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mRNA Lipid Nanoparticles for Improving Oral Cancer Tumor Suppressor Therapy in the Future



mRNA Lipid Nanoparticles for Improving Oral Cancer Tumor Suppressor Therapy in the Future

On Friday, March 15, 2024, at 3:45 p.m. Central Standard Time (UTC-6), the “AADOCR Hatton: Post-doctoral” Poster Session included the abstract “mRNA Lipid Nanoparticles for Next-Generation Oral Cancer Tumor Suppressor Therapy.”

A library of LNPs containing luciferase mRNA was created for the study by Marshall Scott Padilla of the University of Pennsylvania in Philadelphia, USA, and tested in CAL-27 cells, a model OSCC line. In order to investigate the C57BL/6 mice’s susceptibility to off-target liver transfection, the LNPs were also administered intravenously. The LNPs that demonstrated low liver transfection and high luminosity in CAL-27 cells advanced to the following screening phase. Next, using a CAL-27 xenograft model, intratumoral injection of the best LNPs was assessed for transfection. E10i-494 was selected as the primary contender because it exhibited the maximum tumor luminescence. Next, this LNP was assessed in a murine model of orthotopic CAL-27. Finally, CAL-27 cells were used to assess the tumor-suppress-mediated toxicity of reformulated lead LNP including p53 mRNA.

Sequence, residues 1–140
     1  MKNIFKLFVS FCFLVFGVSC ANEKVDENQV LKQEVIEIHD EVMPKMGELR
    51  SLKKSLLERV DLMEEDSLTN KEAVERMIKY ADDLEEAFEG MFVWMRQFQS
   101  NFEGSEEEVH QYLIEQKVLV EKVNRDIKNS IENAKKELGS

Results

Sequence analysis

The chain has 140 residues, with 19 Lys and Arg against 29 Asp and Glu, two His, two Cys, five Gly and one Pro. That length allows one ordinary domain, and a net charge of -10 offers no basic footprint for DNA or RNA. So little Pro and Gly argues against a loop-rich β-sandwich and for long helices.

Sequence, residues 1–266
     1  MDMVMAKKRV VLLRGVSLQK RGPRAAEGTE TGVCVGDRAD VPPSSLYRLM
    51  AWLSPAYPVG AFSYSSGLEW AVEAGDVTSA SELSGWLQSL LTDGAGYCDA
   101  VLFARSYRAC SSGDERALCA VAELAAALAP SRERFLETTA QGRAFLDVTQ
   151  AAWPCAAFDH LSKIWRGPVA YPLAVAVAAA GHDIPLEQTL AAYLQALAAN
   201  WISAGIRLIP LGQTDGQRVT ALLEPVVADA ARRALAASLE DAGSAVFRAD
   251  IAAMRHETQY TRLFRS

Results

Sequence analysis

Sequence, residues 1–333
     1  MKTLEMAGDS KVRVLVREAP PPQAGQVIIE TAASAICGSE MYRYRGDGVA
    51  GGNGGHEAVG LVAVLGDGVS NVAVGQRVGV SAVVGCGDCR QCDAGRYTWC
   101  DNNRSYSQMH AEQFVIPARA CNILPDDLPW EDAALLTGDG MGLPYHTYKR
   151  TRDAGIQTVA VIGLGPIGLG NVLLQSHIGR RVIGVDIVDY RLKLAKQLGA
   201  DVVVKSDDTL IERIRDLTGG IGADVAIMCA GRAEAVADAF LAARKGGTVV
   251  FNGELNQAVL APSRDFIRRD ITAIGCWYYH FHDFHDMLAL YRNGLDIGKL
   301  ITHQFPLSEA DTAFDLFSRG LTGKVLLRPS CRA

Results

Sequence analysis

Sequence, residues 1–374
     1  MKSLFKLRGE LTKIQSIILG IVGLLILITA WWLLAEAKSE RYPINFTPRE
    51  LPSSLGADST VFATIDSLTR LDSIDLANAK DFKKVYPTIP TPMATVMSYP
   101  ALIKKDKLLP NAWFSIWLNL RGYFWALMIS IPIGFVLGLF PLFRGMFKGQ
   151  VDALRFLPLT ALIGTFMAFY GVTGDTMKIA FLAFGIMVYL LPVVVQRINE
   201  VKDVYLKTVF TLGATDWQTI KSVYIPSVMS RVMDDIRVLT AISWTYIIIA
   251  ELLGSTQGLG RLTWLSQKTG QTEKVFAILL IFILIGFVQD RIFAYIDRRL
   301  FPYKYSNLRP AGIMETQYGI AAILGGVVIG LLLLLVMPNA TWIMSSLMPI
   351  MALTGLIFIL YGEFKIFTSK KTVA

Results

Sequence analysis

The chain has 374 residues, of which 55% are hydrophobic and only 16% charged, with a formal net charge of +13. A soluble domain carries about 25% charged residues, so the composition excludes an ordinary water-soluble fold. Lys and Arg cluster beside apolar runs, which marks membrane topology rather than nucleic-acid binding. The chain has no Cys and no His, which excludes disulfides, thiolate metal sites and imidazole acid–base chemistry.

Following two screening cycles, the LNP E10i-494 showed significant mRNA transfection in two murine tumor models as well as in vitro. Furthermore, the LNP showed a positive safety profile with modest levels of liver transfection. The LNP effectively penetrated and transfected lymph nodes in the orthotopic model, which is necessary to stop tumor metastasis. E10i-494, which had been reformulated with p53 mRNA, likewise showed strong cell killing capabilities.

The first LNP for the oral cavity has been refined, and the study’s findings indicate that it has the potential to be used in p53-based OSCC therapy.


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